It provides shelter and shade, and very quickly from the man-made catalyst of the structure, springs forth a tiny and vibrant ecosystem. Soft corals, then hard corals over time, attach themselves. Small nurseries of fish harbour in relative safety, tiny crustaceans and nudibranchs feed on the growing corals, and each other. Larger fish cruise on by picking off the less-wary individuals that stray beyond the safety of the pier. Ambush predators can hide among the sponges and coral with a steady supply of hapless prey to feast upon.
So very quickly a pier can become a densely packed example of the reef system at large, and usually fortuitously positioned for divers and snorkellers to easily visit, and for us underwater photographers, provides rich pickings for our digital goody bags.
Wide-angle or Macro?
The title should really say Wide Angle AND Macro, as these environments will provide plentiful subject matter for either type of underwater photography enthusiast.
Personally speaking, I prefer wide angle, as I like the bigger picture, but I’m well aware that there is a significant proportion of underwater shooters that love the teenier life, and to be honest, whatever lens you went down with you’d have to dive with your eyes closed not to come back with a card full of shots.
On my last Indonesian adventure we visited Alor and there was a dive we all voted to return to as one of our favourite spots of the week, which was a pier around half an hour away from the beautiful Alami Alor Resort, which was our home for the week. Most of the pictures for this article came from that dive alone, so productive was it.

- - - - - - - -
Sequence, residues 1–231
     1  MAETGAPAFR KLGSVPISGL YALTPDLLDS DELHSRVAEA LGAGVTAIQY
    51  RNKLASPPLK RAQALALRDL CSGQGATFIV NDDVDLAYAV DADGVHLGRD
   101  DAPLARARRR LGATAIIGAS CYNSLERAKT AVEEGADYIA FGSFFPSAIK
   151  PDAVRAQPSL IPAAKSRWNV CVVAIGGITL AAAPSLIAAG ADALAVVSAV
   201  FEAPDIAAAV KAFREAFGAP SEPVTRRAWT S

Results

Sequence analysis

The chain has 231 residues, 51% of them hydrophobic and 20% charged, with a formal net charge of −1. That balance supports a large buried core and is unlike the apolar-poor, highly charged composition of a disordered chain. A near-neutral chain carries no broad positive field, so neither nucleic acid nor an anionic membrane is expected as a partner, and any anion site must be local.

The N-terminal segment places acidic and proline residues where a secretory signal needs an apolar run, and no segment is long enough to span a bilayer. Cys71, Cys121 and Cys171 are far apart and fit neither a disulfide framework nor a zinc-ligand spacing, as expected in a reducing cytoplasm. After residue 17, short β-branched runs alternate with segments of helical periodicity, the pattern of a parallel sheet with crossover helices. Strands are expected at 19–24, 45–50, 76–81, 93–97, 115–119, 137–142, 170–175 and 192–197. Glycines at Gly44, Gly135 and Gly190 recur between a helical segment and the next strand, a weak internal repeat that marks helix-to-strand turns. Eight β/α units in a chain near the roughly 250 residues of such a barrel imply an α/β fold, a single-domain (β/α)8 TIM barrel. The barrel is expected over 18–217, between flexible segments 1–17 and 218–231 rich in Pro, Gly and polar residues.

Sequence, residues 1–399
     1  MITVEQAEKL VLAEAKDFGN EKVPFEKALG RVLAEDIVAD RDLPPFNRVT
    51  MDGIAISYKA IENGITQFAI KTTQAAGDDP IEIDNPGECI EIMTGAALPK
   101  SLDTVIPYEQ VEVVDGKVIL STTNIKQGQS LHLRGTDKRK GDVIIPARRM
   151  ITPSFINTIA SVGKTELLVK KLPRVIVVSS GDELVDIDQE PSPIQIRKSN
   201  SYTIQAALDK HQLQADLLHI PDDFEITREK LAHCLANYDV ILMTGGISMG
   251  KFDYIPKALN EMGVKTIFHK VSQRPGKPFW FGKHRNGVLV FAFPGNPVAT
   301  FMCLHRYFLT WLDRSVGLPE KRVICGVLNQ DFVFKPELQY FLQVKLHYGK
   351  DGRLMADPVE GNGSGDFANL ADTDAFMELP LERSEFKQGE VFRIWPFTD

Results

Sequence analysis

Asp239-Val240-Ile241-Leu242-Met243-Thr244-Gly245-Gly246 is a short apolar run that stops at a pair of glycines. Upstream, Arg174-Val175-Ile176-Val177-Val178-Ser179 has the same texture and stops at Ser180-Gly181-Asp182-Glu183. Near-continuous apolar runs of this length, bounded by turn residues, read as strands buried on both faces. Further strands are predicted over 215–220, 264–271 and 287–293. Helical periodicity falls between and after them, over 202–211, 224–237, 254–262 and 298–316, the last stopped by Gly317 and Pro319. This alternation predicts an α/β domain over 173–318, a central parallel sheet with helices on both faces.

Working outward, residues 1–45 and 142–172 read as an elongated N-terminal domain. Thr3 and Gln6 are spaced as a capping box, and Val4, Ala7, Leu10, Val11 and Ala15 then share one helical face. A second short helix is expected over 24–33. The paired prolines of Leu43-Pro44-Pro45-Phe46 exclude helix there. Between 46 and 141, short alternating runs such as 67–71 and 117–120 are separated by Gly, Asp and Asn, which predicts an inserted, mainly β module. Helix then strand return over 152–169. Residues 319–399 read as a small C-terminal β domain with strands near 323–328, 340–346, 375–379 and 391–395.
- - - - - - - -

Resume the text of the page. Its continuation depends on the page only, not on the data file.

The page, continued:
To be honest, I was torn re lens choice, as although I had dived it with my fisheye lens firmly fixed, I could really have done with another dive on it just armed with a macro lens and a snooted flash to tick all the boxes.
For those of you with the choice of using a wet lens with both a wide angle and macro lens you can use on the same dive, you’ve got all the options covered, and your only problem will be making a decision.
Sites like these are not places for those that struggle with making decisions!
Even if you are shooting wide angle or fisheye like myself, please take the time to enjoy the dive itself and have a really good look on the pier legs for the myriad of life that resides there.
Frustrating as it can be uncovering great macro subjects when you’ve got a fisheye lens attached, please try and remember that you’re still allowed to enjoy the dive in its own right, regardless of whether or not you get a lovely shot of a nudibranch you’ve never seen before.